The structure of this paper is as follows. Section 2 briefly elaborates the context leading up to the trial. The following section describes the mass lecture video conferencing trial. Section 4 discusses the results of the formative and summative evaluations. Effects on students, staff and academic managers are considered. Section 5 contains concluding remarks and suggests future directions.

2. Context

Problems of duplication in the tertiary teaching context arose in the late 1980's in Australia from government amalgamation policies. For others, duplication has become evident as universities seek to establish new campuses. In response to government funding cuts, universities have sought to expand into export education, increasing their revenue base with off-shore campuses. This scenario applies to the University of Technology Sydney (UTS), a university supporting in excess of 23,000 students. The trial itself took place in a business faculty struggling under considerable financial constraints. Reasons for the latter include the relatively lower funding per business student (as compared to a science or medical student) and the relatively higher cost of teaching part time students (as compared to full time students).

A further complication was the faculty requirement that subjects taught and assessed on both campuses were meant to be identical in all respects. Given the well-documented power of assessment to motivate student learning (eg. Ramsden [9]), it is no surprise that this requirement caused student disquiet. Students had previously expressed concerns about the equity of delivery between campuses.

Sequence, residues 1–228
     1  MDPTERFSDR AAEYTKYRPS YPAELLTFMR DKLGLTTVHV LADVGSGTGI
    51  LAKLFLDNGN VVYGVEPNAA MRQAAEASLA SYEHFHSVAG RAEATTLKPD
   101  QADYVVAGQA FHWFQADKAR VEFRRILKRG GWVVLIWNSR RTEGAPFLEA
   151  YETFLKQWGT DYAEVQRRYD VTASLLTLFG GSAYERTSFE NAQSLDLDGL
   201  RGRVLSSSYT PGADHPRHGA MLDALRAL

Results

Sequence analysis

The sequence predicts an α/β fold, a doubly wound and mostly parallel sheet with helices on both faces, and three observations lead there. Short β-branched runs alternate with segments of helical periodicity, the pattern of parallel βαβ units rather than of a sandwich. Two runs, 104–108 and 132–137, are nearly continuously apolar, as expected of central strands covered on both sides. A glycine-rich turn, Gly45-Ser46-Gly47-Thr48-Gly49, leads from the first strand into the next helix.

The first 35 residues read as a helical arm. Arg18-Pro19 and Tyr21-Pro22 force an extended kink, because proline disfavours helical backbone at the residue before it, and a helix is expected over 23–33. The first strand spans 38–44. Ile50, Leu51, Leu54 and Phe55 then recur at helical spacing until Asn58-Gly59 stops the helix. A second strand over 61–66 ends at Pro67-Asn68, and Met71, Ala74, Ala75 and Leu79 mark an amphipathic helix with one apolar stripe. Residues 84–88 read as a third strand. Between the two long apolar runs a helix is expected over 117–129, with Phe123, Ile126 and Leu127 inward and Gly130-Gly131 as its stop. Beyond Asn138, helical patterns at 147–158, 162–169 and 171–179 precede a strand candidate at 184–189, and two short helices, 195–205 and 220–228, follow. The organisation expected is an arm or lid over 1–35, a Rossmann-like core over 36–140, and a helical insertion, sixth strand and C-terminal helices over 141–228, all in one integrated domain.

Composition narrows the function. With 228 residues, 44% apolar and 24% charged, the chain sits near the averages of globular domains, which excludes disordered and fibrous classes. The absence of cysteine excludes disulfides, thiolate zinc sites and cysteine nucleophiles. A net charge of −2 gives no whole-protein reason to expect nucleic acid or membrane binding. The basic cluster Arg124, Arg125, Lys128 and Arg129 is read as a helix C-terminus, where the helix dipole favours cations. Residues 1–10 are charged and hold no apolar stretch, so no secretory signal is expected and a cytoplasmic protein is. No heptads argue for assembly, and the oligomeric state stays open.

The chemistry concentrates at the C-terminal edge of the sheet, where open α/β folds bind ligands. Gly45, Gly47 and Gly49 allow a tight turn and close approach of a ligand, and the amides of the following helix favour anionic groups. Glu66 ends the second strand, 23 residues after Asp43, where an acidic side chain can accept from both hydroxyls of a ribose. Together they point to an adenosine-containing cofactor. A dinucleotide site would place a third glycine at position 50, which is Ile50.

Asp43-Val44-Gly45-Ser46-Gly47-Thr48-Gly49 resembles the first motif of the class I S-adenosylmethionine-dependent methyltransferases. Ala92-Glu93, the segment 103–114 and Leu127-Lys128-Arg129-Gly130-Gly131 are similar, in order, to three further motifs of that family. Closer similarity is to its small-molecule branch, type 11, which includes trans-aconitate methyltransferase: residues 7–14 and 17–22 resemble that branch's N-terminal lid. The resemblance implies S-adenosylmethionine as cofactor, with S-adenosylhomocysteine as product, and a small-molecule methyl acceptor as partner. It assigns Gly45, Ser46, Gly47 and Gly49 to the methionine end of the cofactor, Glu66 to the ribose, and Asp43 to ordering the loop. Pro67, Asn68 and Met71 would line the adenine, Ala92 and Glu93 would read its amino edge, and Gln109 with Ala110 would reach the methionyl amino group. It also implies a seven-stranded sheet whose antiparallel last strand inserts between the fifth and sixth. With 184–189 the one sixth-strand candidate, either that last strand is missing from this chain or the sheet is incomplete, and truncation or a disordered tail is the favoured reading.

Other problems included the need for staff to travel the 18 kilometres to deliver subjects offered at the other campus. Apart from the explicit travel cost, staff incurred lost time in travel plus the inconvenience of being without their resources. Students also travel to the other campus when there is insufficient interest to justify duplicate subject offering. The final trigger for the video conferencing trial came in 1993. An external faculty review recommended video conferencing to resolve duplication and other pressures arising from the two-campus situation.

A video conference trial between the two Sydney metropolitan campuses was initiated in the second half of 1995. The object of the trial was mass lectures in a compulsory subject of the undergraduate business degree. No attempts were made to video conference tutorials or student consultations. The purpose of the trial was to evaluate the extent to which video conferencing mass lectures would